‘Jessica Jones’ star calls superhero part her dream role
Krysten Ritter has won plaudits for her performance as a private investigator with superpowers in the hard-hitting Marvel TV adaptation
The star of Netflix hit “Jessica Jones” said Tuesday she knew she had found her dream job even before she read for the role of the titular superhero sleuth.
Krysten Ritter, 34, has won plaudits for her performance as a private investigator with superpowers in the hard-hitting Marvel television adaptation, hotly tipped to win big at the Emmy Awards in September.
“This was always meant to be this dark, gritty, grounded psychological character study,” she told the audience at a screening and panel discussion in Hollywood on Tuesday.
“So at that point I’m like ‘Where do I sign? Give it to me.’ And then Jeph (Loeb, executive producer) locked me in a room and took away my cell phone and I read the script and every page just got better.
“It was like everything I’d always dreamed to do, from walking around looking cool to doing these cool action sequences to having this really vulnerable, heavy dramatic work.”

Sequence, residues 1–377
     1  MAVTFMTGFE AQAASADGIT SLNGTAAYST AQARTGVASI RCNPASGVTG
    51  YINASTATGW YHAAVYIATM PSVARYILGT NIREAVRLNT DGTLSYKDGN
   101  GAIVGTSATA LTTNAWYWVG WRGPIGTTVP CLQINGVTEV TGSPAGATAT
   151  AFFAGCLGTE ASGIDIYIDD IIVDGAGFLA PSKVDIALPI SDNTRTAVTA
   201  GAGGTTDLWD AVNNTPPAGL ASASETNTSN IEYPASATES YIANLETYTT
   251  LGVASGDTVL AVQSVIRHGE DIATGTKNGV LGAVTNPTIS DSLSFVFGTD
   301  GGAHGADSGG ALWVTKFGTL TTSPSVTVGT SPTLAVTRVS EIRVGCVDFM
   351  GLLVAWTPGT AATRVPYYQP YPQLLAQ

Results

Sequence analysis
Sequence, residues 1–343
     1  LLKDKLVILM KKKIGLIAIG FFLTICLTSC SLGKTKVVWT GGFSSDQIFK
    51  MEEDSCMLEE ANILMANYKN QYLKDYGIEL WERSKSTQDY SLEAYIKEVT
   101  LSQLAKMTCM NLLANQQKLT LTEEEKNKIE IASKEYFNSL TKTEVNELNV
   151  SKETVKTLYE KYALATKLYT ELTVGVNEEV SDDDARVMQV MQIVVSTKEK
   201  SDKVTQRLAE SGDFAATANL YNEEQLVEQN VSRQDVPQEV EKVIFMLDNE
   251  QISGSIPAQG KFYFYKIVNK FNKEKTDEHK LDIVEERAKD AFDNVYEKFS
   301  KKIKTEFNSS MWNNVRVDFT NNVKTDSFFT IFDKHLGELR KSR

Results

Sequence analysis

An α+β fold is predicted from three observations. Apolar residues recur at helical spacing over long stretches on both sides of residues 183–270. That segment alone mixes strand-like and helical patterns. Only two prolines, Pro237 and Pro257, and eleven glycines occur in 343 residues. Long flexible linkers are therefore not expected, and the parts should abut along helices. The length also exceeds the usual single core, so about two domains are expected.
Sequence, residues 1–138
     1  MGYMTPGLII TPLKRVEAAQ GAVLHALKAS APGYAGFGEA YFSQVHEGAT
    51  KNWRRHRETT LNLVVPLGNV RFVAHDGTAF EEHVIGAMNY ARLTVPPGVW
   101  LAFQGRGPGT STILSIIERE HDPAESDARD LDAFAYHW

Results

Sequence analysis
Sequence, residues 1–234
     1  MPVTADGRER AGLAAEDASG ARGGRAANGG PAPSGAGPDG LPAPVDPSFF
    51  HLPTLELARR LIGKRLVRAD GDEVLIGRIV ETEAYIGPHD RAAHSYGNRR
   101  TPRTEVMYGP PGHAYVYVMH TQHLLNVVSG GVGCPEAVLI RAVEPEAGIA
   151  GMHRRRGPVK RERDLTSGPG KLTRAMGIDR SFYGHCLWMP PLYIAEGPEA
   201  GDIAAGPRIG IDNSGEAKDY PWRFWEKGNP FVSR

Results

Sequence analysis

“Jessica Jones” is the second Marvel television conversion after “Daredevil,” to form part of a “groundbreaking deal” with Netflix, which committed in 2013 to four 13-episode series culminating in a miniseries “programming event.”
Ritter’s co-star Mike Colter, 39, who plays Jessica’s love interest, is getting his own spin-off series, “Luke Cage,” which is due to air later this year.
The pair are due to team up with Charlie Cox, the titular character in “Daredevil,” and Finn Jones, who will portray “Iron Fist,” in ensemble show “The Defenders,” at a date yet to be announced.
Cast members Rachael Taylor, 31, and Carrie-Anne Moss, best known for her role as Trinity in “The Matrix,” were also at the screening, with series villain David Tennant beamed into the Paramount Pictures studio from his office in Britain via Skype.
“It’s four in the morning here, I’m wearing my pajamas,” Tennant joked -- gesturing to his off-screen bottom half, when it was put to him that he inspired fear.
Tennant, known worldwide as the Tenth Doctor in long-running BBC sci-fi drama “Doctor Who,” recalled initially seeing the part of bad guy Kilgrave in “Jessica Jones” as “a gamble.”
“You just read the script and you go ‘Well writing isn’t this good normally -- these scripts are just perfection.’ So I just thought this is a gamble worth taking.”
Netflix, faced with increasingly aggressive competitors such as Amazon and Hulu, has spent recent years prioritizing the production of original series and exclusive distribution deals.
The Netflix political drama “House of Cards” made television history in 2013 when it became the first online-only series ever nominated for a major Emmy award.